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Research on Bio-Scaffold for Tissue Engineering

A special issue of International Journal of Molecular Sciences (ISSN 1422-0067). This special issue belongs to the section "Materials Science".

Deadline for manuscript submissions: 30 July 2024 | Viewed by 386

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Department of Architecture and Industrial Design, University of Campania, 81031 Aversa, Italy
Interests: materials science characterization; materials science engineering; biomaterials; biomechanics; advanced manufacturing
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Dear Colleagues,

Tissue engineering is a promising field that aims to create functional human tissues and organs using a combination of cells, biomaterials, and biochemical factors. Bioscaffolds play a vital role in tissue engineering by providing a structural framework for cells to grow, differentiate, and organize into functional tissues.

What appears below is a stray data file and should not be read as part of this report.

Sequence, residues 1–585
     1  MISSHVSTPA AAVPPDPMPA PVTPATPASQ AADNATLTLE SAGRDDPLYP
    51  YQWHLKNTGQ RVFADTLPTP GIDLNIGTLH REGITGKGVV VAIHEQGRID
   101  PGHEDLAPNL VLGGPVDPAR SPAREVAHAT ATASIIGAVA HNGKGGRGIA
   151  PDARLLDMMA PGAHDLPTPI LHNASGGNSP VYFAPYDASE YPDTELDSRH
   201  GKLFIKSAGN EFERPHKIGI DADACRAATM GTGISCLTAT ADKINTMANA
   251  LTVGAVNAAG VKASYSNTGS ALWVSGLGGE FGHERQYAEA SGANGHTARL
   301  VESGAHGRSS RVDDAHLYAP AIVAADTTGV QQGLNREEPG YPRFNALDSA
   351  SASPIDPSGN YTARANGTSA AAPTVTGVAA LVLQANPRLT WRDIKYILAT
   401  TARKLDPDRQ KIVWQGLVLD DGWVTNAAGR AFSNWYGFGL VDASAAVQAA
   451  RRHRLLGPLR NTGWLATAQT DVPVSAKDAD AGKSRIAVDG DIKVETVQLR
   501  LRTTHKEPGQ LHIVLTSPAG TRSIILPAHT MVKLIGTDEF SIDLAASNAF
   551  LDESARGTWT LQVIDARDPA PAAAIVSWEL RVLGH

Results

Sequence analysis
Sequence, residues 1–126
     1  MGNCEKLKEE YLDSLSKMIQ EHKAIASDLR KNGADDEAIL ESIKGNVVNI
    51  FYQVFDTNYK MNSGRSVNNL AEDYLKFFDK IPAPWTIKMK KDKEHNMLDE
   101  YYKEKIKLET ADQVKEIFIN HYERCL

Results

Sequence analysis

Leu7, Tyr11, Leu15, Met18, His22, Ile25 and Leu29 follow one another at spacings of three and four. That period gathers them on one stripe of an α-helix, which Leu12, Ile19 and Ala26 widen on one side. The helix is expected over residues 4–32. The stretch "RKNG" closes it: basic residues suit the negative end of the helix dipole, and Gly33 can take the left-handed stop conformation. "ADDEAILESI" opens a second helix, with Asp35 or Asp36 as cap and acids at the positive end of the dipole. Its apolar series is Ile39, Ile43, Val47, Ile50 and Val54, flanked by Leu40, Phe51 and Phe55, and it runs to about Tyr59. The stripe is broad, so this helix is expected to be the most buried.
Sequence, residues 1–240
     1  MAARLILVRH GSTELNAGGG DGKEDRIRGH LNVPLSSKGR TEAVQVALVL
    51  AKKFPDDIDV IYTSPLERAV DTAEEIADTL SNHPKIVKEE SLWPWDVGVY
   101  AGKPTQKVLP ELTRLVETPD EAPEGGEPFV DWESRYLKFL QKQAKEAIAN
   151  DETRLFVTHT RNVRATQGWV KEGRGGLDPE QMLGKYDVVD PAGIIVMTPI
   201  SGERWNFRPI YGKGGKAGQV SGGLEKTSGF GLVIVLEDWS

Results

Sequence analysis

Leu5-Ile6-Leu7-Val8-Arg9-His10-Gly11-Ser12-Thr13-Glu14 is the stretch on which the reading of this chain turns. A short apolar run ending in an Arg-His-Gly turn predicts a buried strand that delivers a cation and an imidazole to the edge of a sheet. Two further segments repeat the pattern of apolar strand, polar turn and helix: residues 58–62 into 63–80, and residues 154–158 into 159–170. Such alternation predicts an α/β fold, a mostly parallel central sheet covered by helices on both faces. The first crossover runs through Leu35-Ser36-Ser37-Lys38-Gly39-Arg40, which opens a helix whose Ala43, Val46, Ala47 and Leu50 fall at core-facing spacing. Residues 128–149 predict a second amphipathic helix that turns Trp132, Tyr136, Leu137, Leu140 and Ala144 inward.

Research in the area of bioscaffolds for tissue engineering focuses on developing materials that possess specific properties such as biocompatibility, biodegradability, mechanical strength, and the ability to support cell adhesion, migration, and tissue formation.

Some key areas of research in bioscaffold development for tissue engineering are as follows:

  1. Material selection: To make bioscaffolds, researchers investigate a range of natural, synthetic, or hybrid biomaterials. Natural biomaterials including collagen, fibrin, chitosan, and alginate offer biocompatibility and bioactive characteristics. Poly(lactic acid) (PLA), poly(glycolic acid) (PGA), and their copolymers are examples of synthetic materials that offer customizable surface characteristics, predictable degradation rates, and mechanical stability. The benefits of both natural and synthetic materials are combined in hybrid materials.